A celebration of one man’s visual love letter to his home city, Sheffield
In March 2014, at a breakfast organised for local business, a colleague asked if I knew about the enormous Joe Scarborough painting that was due to be auctioned in Sheffield later that day.I had seen the painting when Joe was working on it in Ponds Forge and later when it was at the Castle Market, but I had no idea what had become of it in the years since.
Joe’s large scale masterpiece, Sheffield Through The Ages, was about to go under the hammer.
We jumped in the car, made a mad dash for the auction room and after some fraught bidding, Museums Sheffield became the new proud owners of this extraordinary panorama.
I returned to the office with news of our latest acquisition and was met with stunned silence – evidently my eyes were bigger than our gallery. At nine metres wide, this is Joe’s most ambitious work and by far the biggest painting in Sheffield’s collection - we weren’t entirely sure where to put it.
After much deliberation (and with help from the painting’s then caretaker, Deborah Egan and our friends at Sheffield Theatres, CAM Fork Lifts and Hague Plant Limited) we managed to see it safely into its new home at Weston Park Museum; it was a mammoth team effort for a painting of equally mammoth proportions.
Sheffield Through The Ages tells the story of the city and its people from the 1940s onwards.
In true Scarborough tradition, it’s teeming with life and dotted with landmarks, shared memories, place names, newspaper headlines and song lyrics, from ‘Give peace a chance’ and ‘Oh, the times they are a changin’ to ‘Don’t you want me baby?’ It’s a window into times gone by and Joe has put his heart into it; for me it captures the soul of Sheffield.
Five years on and the museum is hosting over 60 works by Joe for a major exhibition spanning his 55 year career. Joe Scarborough – Life in the Big Village is a celebration of one man’s visual love letter to his home city.
Joe tells stories of people and the places they live their lives, from Attercliffe and Pitsmoor to Heeley and Stannington, and everywhere in between.
Many of the places he’s captured have changed beyond recognition, but through Joe’s paintings our link to them remains; they are a collective memory of the experiences we’ve shared and the stories we’ve told.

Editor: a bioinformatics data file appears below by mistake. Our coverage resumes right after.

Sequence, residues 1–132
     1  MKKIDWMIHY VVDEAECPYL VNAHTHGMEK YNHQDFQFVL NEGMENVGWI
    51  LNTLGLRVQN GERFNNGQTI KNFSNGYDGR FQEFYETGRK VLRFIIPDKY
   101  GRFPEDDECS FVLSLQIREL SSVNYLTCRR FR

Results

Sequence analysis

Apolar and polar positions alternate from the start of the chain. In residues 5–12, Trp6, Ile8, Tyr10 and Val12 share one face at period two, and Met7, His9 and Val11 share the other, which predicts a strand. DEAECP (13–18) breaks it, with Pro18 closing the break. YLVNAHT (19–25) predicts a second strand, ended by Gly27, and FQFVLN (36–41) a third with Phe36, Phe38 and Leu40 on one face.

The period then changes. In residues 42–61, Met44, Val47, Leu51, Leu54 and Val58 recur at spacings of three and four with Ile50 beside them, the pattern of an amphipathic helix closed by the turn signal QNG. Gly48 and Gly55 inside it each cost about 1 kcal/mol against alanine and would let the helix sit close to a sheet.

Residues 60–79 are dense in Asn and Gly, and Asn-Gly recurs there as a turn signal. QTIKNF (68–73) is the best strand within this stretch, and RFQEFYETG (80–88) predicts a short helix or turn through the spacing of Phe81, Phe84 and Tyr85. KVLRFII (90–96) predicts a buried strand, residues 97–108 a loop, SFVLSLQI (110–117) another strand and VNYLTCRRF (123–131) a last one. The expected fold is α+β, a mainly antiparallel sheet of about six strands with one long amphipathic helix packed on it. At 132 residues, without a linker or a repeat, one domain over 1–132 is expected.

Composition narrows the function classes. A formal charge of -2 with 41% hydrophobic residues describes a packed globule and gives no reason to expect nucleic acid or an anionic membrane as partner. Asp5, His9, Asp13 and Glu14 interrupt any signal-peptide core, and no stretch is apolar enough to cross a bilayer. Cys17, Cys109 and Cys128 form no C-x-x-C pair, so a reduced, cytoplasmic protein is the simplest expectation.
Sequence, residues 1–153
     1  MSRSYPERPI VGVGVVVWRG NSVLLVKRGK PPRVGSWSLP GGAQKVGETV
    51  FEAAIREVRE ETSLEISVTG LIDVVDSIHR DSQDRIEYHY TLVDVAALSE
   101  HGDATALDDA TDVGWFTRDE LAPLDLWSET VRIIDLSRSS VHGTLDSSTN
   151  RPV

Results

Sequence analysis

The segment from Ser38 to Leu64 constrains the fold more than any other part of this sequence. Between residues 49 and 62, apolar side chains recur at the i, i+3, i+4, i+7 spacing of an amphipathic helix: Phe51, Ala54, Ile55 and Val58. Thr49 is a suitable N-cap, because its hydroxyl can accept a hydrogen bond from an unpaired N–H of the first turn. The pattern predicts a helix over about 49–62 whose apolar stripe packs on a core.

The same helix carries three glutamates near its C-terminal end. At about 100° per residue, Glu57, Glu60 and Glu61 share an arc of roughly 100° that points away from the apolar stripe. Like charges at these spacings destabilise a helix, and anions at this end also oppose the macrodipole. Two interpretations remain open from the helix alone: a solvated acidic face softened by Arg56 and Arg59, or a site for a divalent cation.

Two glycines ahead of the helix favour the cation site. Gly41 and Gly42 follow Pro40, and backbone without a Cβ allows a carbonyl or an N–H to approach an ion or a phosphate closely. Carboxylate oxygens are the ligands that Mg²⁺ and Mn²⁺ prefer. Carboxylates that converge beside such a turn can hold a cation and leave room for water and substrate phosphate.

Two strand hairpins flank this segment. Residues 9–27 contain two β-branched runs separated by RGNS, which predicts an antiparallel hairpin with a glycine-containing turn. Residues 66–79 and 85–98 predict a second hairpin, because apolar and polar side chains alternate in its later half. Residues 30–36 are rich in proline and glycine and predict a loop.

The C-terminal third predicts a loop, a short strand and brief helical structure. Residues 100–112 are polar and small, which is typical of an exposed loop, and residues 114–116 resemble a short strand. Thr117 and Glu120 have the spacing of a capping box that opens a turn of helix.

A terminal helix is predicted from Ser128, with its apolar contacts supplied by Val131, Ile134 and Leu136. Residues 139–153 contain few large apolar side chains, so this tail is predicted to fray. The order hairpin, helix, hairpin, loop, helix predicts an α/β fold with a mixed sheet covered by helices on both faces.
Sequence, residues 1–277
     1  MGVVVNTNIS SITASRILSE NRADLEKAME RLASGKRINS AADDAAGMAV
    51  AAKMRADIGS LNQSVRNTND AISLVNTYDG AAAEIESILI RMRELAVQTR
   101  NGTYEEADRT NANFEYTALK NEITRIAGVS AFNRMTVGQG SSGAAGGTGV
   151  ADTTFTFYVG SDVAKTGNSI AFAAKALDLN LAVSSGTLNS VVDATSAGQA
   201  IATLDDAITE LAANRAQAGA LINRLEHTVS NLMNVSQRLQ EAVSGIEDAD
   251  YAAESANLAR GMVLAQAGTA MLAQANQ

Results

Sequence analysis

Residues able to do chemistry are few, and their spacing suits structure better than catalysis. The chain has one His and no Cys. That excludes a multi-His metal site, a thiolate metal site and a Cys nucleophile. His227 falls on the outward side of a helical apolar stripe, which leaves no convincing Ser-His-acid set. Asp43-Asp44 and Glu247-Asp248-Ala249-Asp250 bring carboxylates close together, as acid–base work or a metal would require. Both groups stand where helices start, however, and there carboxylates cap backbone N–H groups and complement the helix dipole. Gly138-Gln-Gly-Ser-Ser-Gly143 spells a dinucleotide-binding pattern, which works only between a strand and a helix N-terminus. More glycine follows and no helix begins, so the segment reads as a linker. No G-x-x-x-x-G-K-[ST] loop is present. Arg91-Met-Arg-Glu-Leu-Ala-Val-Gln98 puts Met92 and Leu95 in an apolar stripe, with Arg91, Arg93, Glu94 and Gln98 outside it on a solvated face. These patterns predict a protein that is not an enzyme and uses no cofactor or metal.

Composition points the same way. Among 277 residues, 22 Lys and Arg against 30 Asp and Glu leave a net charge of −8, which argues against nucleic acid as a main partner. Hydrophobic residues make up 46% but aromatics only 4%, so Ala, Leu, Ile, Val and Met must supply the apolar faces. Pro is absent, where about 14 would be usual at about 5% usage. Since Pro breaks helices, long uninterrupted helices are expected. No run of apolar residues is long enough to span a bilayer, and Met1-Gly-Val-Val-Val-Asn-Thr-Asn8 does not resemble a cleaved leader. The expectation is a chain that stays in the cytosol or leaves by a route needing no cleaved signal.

Joe is a watcher of people and a mine of information – at 81, he’s been around the block a few times and he’s seen it all.
A sunny afternoon spent walking around Pitsmoor, where Joe grew up, and everything he sees tells a tale. On Andover Street, Joe pauses to consider one of the oldest buildings in the area, “It was a chip shop, known to everybody as the White House.
When you come to think about it, the greatest food of the nation was fish and chips; they’d be knocking them out like I don’t know what, people just loving them, loving the smell.
It was a meeting place, because you don’t get them straight-away, sometimes you have to wait and there’s that interchange of information and bloody good gossip!”
Joe’s amazing ear for gossip is the secret ingredient that makes his paintings so special.
The reason he’s able to capture the bustle, banter and whimsy of our lives so brilliantly is that he’s soaking it up all the time:
“Never go downstairs on a bus, go upstairs and listen. You’ve got to keep your ears open.
You will find some fantastic stories. It’s like I say, they’re really all based on Romeo and Juliet, nothing has altered – that’s the beauty of life.
“We live so close together, we love looking at each other and we’re always judging each other, building up your little bit of persona and setting your little boundaries. I take those and I paint them. It’s as simple as that.”
So while we’re caught up getting on with the business of life, Joe is busy capturing us going about it. If you look closely enough at his paintings you might find your nan, your friends, or maybe even yourself. Perhaps he spotted you from the top deck of a number 76 bus and immortalised the moment.
Or maybe he simply recognises us for who we are and what we have in common. That’s the great thing about life in this big village of ours – we all live it together.
Joe Scarborough – Life in the Big Village continues at Weston Park Museum until Sunday 24 November. Entry to the exhibition is free.
See pages 42 and 43 for arts write Ian Soutar’s interview with Joe as the exhibition goes on show.